The immorality of public consolation in the face of ageing
In case you didn’t know: The EU is currently celebrating the “European Year for Active Ageing and Solidarity between Generations”. The paramount aim of this initiative is to increase the well-being of the elderly by raising awareness that they can still contribute to society by ageing actively, that is, utilising their abilities for their own good and the good of society. In the best case, according to this initiative, not only older people will benefit from ageing actively but also younger ones who do not have the experience and wisdom of earlier generations. Although this is a noble aim, the answer to the question why there should be such a European Year is a gross and seriously immoral distortion of reality: “Because, too often, getting old is perceived as a threat instead of an achievement, both for individuals and for societies. [...] Staying active as we grow older is key to tackling the challenge of ageing.”
For many people, be they gerontologists, sociologists, philosophers, or 90 years of age, this must sound like a joke. One is inclined to ask why we should regard it as an achievement rather than a threat to acquire a condition that is constituted by frailty, physical and sometimes mental shortcomings, wrinkles all over one’s body, losing hair and teeth, losing one’s vision, occasionally developing cancer and arteriosclerosis, and finally lying in bed unable to control one’s bladder. We have every reason to conceive of ageing as a threat because it is one of the main causes in a person’s life that leads to a massive decrease of welfare, perhaps only comparable to severe diseases and extreme poverty in its magnitude. Staying active, as the EU claims, might help to alleviate the symptoms of ageing until some point in a person’s life, but it is certainly not “key to tackling the challenge of ageing”. There will come a time where a person will simply be unable to stay active because of the limitations she will experience, and whereas staying active had been sufficient for alleviating the symptoms of ageing before, these symptoms will then be sufficient for confining this person’s activity. The one and only key to tackling the challenge of ageing is solid biomedical science, not idle talk about some presumed advantages of growing old.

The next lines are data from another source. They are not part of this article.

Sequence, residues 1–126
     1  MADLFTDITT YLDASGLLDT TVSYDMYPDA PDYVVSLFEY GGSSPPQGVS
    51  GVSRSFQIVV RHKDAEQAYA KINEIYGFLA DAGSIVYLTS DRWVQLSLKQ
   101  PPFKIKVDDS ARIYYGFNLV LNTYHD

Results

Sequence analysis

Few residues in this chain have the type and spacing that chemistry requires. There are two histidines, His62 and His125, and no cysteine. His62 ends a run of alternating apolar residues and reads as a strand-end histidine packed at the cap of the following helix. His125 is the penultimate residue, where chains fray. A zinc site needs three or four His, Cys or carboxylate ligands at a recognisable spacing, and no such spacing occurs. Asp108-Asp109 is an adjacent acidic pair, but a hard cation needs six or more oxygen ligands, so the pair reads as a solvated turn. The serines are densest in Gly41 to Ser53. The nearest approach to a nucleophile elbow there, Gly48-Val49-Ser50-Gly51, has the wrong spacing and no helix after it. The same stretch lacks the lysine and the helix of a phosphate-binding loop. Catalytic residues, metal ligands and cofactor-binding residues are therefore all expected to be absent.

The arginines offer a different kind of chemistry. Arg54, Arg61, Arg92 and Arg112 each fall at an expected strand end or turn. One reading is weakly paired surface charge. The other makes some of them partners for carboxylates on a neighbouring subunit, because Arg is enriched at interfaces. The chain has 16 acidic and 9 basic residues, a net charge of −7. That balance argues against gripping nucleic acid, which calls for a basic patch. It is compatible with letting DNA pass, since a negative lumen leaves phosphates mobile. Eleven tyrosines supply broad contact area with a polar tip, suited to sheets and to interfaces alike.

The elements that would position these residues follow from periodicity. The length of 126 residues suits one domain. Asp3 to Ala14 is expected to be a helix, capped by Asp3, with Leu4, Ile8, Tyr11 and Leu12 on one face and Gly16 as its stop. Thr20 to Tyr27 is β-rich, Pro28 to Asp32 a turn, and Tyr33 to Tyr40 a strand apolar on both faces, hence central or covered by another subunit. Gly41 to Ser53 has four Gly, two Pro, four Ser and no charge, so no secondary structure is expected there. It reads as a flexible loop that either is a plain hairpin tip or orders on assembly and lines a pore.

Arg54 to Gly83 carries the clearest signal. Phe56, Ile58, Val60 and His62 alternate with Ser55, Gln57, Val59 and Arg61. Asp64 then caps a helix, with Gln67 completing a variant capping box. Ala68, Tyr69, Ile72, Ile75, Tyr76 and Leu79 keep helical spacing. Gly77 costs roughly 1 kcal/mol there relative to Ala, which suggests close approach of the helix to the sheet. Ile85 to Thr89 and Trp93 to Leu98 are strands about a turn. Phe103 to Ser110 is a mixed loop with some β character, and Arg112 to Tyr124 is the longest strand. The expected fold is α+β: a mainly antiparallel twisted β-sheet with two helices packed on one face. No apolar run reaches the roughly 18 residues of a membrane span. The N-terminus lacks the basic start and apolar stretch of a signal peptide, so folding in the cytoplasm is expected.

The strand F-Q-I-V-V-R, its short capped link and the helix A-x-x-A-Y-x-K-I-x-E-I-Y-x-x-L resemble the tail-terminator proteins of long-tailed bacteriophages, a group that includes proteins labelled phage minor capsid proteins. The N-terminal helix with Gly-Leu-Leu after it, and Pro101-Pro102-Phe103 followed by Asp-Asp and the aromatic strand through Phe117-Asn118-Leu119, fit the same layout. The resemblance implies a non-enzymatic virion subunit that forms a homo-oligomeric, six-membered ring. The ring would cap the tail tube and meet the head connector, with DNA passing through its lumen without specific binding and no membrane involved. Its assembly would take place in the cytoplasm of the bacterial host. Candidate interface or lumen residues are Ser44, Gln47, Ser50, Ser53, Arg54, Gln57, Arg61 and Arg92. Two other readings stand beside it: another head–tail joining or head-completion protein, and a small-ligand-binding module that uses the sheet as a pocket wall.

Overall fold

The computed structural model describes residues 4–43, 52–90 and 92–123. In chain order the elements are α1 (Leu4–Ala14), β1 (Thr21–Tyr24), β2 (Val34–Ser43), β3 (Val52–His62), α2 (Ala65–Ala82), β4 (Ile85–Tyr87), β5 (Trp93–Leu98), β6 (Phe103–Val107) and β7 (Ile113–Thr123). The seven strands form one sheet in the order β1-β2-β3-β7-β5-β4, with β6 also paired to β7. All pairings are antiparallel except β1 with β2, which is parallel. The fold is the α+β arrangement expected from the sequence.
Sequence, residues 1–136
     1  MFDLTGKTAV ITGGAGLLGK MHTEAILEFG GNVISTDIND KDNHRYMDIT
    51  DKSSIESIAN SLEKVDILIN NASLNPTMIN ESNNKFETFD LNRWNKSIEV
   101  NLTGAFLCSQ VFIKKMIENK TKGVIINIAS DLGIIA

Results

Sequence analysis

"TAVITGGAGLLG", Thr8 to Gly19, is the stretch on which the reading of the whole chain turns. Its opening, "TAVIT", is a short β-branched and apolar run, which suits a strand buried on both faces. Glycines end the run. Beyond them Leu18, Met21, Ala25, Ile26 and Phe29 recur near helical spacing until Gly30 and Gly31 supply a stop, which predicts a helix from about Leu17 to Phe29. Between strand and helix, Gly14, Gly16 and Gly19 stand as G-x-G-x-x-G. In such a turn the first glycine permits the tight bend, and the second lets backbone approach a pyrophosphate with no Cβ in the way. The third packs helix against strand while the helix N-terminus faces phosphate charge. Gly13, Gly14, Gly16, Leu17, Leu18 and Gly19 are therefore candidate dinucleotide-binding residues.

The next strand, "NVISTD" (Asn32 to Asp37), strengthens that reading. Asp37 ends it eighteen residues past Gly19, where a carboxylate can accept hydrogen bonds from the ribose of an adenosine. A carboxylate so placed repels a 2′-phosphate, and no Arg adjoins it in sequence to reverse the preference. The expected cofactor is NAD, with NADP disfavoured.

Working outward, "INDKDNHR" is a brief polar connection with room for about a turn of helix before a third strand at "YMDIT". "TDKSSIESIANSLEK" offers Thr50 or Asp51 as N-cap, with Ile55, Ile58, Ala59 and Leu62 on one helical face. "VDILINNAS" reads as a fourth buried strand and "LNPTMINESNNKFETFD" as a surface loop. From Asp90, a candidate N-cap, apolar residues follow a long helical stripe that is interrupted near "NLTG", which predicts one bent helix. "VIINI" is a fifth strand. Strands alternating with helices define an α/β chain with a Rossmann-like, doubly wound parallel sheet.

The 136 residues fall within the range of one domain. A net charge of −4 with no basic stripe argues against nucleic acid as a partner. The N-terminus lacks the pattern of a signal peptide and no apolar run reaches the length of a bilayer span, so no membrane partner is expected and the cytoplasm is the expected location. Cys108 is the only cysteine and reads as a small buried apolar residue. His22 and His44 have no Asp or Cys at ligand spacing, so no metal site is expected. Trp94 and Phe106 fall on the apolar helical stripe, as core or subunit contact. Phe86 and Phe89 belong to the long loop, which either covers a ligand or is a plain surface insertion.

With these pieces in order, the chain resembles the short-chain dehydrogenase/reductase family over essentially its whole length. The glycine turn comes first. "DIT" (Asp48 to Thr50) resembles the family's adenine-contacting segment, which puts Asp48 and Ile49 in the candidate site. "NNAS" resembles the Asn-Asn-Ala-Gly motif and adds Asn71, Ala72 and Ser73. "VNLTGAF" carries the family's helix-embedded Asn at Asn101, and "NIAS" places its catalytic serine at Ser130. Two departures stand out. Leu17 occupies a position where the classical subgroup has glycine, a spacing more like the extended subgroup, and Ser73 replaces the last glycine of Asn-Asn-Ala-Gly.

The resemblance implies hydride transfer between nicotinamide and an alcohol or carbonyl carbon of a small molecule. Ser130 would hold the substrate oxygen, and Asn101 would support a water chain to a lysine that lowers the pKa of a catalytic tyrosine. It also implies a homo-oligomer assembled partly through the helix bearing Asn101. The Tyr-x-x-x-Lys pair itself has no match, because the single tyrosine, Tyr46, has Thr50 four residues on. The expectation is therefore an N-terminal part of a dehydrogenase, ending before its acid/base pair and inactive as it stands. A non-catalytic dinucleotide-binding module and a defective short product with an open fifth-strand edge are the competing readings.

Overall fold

The whole European Year for Active Ageing and Solidarity between Generations is an instance of what I call ‘public consolation’. This phenomenon might not be easy to detect but it certainly exists and bears the following characteristics (not always all of them):
1. There is no singular event – like a natural catastrophe – that triggers the acts of consolation.
2. The acts of consolations are not directed at individuals – like relatives of some deceased person – but at a group of people that is often rather unspecified.
3. Mass media like newspapers, magazines, or the internet cover the acts of consolation and are often instrumentalised by the originators of these acts.
4. The acts of consolation deal with phenomena that common sense disapproves of.
5. The acts of consolation convey the message that common sense is wrong in its disapproval.
Actually, the European Year for Active Ageing and Solidarity between Generations is an ideal instance of public consolation because it bears all of these characteristics. Ageing is no singular event but a biological process, and the originators of the initiative use the internet for conveying the message that ageing is not as bad as we believe to citizens of Europe.
Public consolation could have its merits that I will not deny. There could be phenomena common sense is unjustified to disapprove of, so that a public consolation campaign could have positive effects if it successfully shows why we should rather cope with these phenomena instead of opposing them. In the face of ageing, however, public consolation is utterly inappropriate because it deludes people and distracts them from the harmful effects of ageing. If the public believes that ageing does not lead to a dramatic decrease in a person’s welfare, that growing old is an achievemen rather than a burden, and that not biomedical science but the hollow attempt to stay active until one is taken away by the Grim Reaper is the best response to ageing – why should politicians feel any pressure to commit themselves to the war on ageing? Why should they feel any pressure to give as much attention to ageing as to cancer, AIDS, or Alzheimer’s disease? And why should anyone of us even care about biomedical strategies to battle ageing if there is nothing wrong with it?
A couple of years or even decades ago, when we had no idea how to combat ageing, this form of public consolation would have been justified. Today, however, since we have evidence that ageing is just another, though particularly nasty and robust, condition that makes our lives go worse but could be mutable through biomedical interventions, we should not support public consolation in the face of ageing anymore but oppose it.